it is possible to reduce the power of the LED’s in almost all professional 3D-printers and also in some new entry-level MSLA / LCD 3D-printers. We sometimes get questions why we would not always advise to print at 100% UV LED power. In this article we explain the reasons and how to use this setting properly. 3D-printing parameters of a lot of printers, including % UV power settings are available in this link.
Reasons to reduce the % UV power of a resin 3D-printer explained.
The technology to reduce the % of UV power inside a resin based 3D-printer dates back to the origin of DLP 3D-printers. 5 years ago and before, the stability of the LED’s was not too great over its lifetime. With full-time production you would already see LED power degradation after roughly a year. To be able to cover this, manufacturers would print at ±60% LED capacity. If degradation sets in, the LED’s could always be re-calibrated back to the required power. If printing at 100% already, this would not be possible anymore after LED degradation and longer exposure times should be needed. Nowadays with improved LED’s and better cooling, this issue is mostly solved.
Image by Wewolver: schematic representation of a DLP 3D-printer.
Reduce % UV power of a resin 3D-printer to increase print quality.
There are other benefits in reducing the % UV power of a resin based printer. At lower % UV power, you would need a longer exposure time to get the desired cured layer thickness for all resins. This improves the process window and accuracy of a printed part. Additionally, for transparent materials like Liqcreate Premium Tough, some high power machines tend to give through-cure or bleeding in 3D-printed parts. By reducing the % UV power in these machines, a larger process window is created and through-cure or bleeding is minimized. For slower resins and high-speed prints, it is usually advised to print at high % UV power.
Why does a lower % UV power increase accuracy?
A lower percentage of UV power gives a larger working area. A good calibrated printer can still vary in light output by +-5% and some minor resin deviations can be covered by this as well. This is easiest to explain when measuring the reactivity of a resin. Usually we measure it by exposing resin to different amounts of light power (in mW/cm2). When we expose resin with for 2; 6 ; 8; 12; 20 and 40 mW/cm2 and measure the thickness of the cured resin, it can look somewhat like this:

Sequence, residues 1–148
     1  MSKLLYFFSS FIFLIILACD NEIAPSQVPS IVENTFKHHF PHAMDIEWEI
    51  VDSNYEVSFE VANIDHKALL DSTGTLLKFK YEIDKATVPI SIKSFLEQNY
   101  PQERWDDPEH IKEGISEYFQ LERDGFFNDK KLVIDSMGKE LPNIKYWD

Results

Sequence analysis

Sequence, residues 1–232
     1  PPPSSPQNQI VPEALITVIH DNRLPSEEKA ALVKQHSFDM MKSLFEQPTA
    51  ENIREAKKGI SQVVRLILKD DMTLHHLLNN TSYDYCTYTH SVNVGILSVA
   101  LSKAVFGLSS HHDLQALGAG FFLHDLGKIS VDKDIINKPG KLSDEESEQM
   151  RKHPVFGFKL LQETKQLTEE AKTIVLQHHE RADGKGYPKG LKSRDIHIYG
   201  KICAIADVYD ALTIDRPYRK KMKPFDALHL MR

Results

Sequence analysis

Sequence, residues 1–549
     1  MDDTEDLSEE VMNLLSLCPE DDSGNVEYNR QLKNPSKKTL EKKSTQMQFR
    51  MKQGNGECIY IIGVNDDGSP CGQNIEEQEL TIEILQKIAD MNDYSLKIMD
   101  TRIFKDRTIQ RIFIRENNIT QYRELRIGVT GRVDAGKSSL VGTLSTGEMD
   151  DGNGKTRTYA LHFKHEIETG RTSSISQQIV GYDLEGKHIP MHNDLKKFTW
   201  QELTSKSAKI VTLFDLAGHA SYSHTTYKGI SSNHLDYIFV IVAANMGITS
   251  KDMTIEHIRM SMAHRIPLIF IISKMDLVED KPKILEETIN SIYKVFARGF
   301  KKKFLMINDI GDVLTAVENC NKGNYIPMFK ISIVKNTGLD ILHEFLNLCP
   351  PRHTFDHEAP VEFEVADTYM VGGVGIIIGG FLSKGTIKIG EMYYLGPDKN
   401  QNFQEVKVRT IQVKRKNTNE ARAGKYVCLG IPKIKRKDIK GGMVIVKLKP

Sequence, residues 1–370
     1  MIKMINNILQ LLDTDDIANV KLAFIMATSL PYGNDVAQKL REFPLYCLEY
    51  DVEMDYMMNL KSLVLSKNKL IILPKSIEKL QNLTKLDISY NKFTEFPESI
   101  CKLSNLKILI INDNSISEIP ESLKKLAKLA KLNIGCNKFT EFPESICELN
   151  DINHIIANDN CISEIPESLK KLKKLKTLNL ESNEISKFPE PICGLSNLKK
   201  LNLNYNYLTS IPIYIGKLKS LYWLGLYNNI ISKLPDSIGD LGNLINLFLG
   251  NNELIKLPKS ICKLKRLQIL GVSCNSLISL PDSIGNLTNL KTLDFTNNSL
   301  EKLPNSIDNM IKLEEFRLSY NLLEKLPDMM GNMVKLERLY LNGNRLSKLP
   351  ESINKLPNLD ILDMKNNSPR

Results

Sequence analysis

At +- 6mW/cm2 this resin starts to polymerize, first rapidly and at higher layer thickness in a slower pace. If we set the light-source in the printer at 8mW/cm2 power, this means that we have to divide the amount of power on the x-axis by 8 to get to an amount of seconds of exposure. When we do that for this resin it looks like this.
Meaning that after 0,25 seconds the resin starts to cure. When printing at 0,05mm layer thickness you want to over-cure the layers a bit and print with the time needed to cure 0,07mm layers. In this case it would be close to 0.95 seconds. With slight deviations like printing at 0.9 seconds, you would cure just 0,055mm layer or on the plus side with deviations at 1,0 seconds exposure time you would cure 0,082 mm layers. This means a small difference in exposure time, resin reactivity or light output homogeneity of the printer results in a big difference on how the resin reacts.
When we would lower the % UV power to 50% this would mean we would print at 4mW/cm2. This would immediately double our process window and also increase the printing time as can be seen in the graph below.
The exposure time needed to cure 0,07mm layer thickness (and actually print at 0,05mm layers) is in this case 1,9 seconds. Deviations to 1,95 seconds would mean 0,075 micron layer thickness and deviations to 1,85 seconds would mean 0,065mm layer thickness. So differences in output or minor differences in the resin are easily covered. Doubling the process window will increase accuracy as less under-cure and over-cured spots are present.
3D-printing resin settings of a lot of printers are already prepared and available on our website, including the % UV power in for some printers. Hope this was an interesting and educational read. If you have any questions about changing the % UV power or other resin related questions, feel free to reach out to us at email@example.com
Do you need any help with 3D printing our SLA, DLP or LCD resins? We can help you! Just look for the question you have below. If you can’t find it, let us know by contacting us!